Doctor Who: The Flying Dutchman / Displaced Review

Hooray! More Ace and Hex! … In two two-part stories… okay, well, one of the best from this team was just a single part (“The Word Lord”) so still looking forward to it! … Oh, one story is crap and the other is just plain. What a shame given this trio is one of the best things to come out of Main Range, this is a sorry note for what is presumably their final outing in its original series…

Synopsis (of “The Flying Dutchman”):

The Doctor, Ace and Hex find themselves on a seemingly deserted boat in the middle of the ocean. Eventually locating the crew, they discover that the men have been in hiding to avoid the attack of the legendary ghost ship The Flying Dutchman that they’ve recently glimpsed approaching through the fog. But ghosts don’t exist. Do they?

*spoilers appear from here on out!*

The Good:

Displaced is a good old fashioned haunted house mystery, complete with The Doctor, Ace and Hex being unable to escape from rooms as ghostly goings-on happen, like creepy music playing or mysterious voices and dust everywhere yet a cup of tea is still warm, that sort of thing. There are some good interactions between the main cast, particularly that old chestnut of Hex and Ace getting fed up of The Doctor’s mind games and thinking this is some test he’s set up, while the Time Lord plays innocent (for real this time!) The Doctor soon thinks it’s the work of an inter-dimensional vulture species called “The Craw”, but when he and his companions summon one it proclaims innocence, saying it merely did what its species always do: feed on what is already dead (at least I think that’s what it said, its electronically manipulated voice was hard to understand…)

A Craw A.I. had gotten tangled up in the house and was using the Alexa rip-off known as “Harri” to communicate with The Doctor, Ace and Hex (or “Change, One and Curse” as it mistakenly calls them, somehow…) eventually revealing that it had grown to love the family living inside of it and that they had been killed by a jealous next-door neighbour who wanted their land. That was all it was in the end, sure an alien A.I. summoned them and was causing the stuck doors and such, but it was actually just a greedy and heartless human at the root cause. Everyone soon leaves, with The Doctor saying that the TARDIS landed them there because it heard the cry of a fellow sentient living space… It was a good story by the end, but it was slow going, and at least three quarters were full of very familiar tropes.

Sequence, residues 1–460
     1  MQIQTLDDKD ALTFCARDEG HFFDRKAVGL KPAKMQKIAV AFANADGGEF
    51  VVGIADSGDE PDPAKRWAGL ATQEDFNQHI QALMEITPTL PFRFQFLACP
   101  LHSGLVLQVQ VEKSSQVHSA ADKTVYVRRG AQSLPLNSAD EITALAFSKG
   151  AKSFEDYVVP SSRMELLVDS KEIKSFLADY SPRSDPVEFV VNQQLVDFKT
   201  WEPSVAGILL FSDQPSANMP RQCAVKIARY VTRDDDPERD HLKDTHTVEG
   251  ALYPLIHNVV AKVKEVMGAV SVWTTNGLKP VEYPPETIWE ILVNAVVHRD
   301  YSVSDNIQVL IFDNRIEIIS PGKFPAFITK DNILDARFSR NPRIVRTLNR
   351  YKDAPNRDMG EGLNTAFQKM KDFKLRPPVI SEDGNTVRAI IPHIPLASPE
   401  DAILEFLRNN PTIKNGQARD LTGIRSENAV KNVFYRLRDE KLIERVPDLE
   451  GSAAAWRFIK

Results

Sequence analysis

The Bad:

It almost seems like a waste, putting all that effort into realising The Craw on the cover, given they actually made up so little of Displaced in the end…

I don’t know WHAT happened with “The Flying Dutchman”, but not only was it really rather boring but it was poorly scripted and even acted in the case of a lot of a guest cast. It was full of super-cheesy voices, especially the ship’s crew and its snobby Captain, which is odd for Big Finish at this stage of the company’s life. So, The Doctor, Ace and Hex arrive on a boat and find the crew hiding because of the Flying Dutchman, a glowing ghost ship that had appeared in the fog. The Doctor says it’s nonsense, the crew say it was real so into the brig our heroes go. They escape and see the ghostly ship and its crew invade, then leave again. Unsworth (Stephen Wight), a crewman who feels underappreciated, takes command from their cowardly Captain, until The Doctor, Ace and Hex reveals the Flying Dutchman was just another shop Unsworth used to be a part of using natural materials with phosphorescence to make themselves glow. Captain Marfleet (Nicholas Khan) takes back control of his ship and instead of sending Unsworth to his death demotes him to the lowest rank and offers help to the people of the ship his former underling had roped into it, showing beyond the snobbery was a nice guy. That was it in a nutshell, there was just so much… cheesiness and too little happening for my liking.

Also there was a subplot with Ace meeting a boy named Archie who turned out to be a girl named Anna who was searching for adventure, but the issue was her voice sounded so much like a girl that I assumed she was a girl until the “shock revelation” to Ace, at which point I just went “Oh… so that’s what they were going for. Whoops”. Ironically this was the only part where someone should’ve put on a cheesy accent or something!

The Continuity:

Not much, again this is set before all the arc-heavy stuff with this team, so there isn’t much to comment on. Ace does mention the Mary Celeste, which The Doctor says “don’t remind me”, a reference to the First Doctor TV story “The Chase”, which shows us that Daleks were responsible for the vanishing of the crew…

Overall Thoughts:

This was a bit of a damp squib, if I’m honest. The Flying Dutchman was either boring or too cheesy, and Displaced had a good twist or two during its final moments but was rather dull and cliché before it got to them. Ah well, can’t win them all, I guess… Let’s just hope the last few Main Ranges can pull of a happier ending for the long-running series!

The Flying Dutchman:


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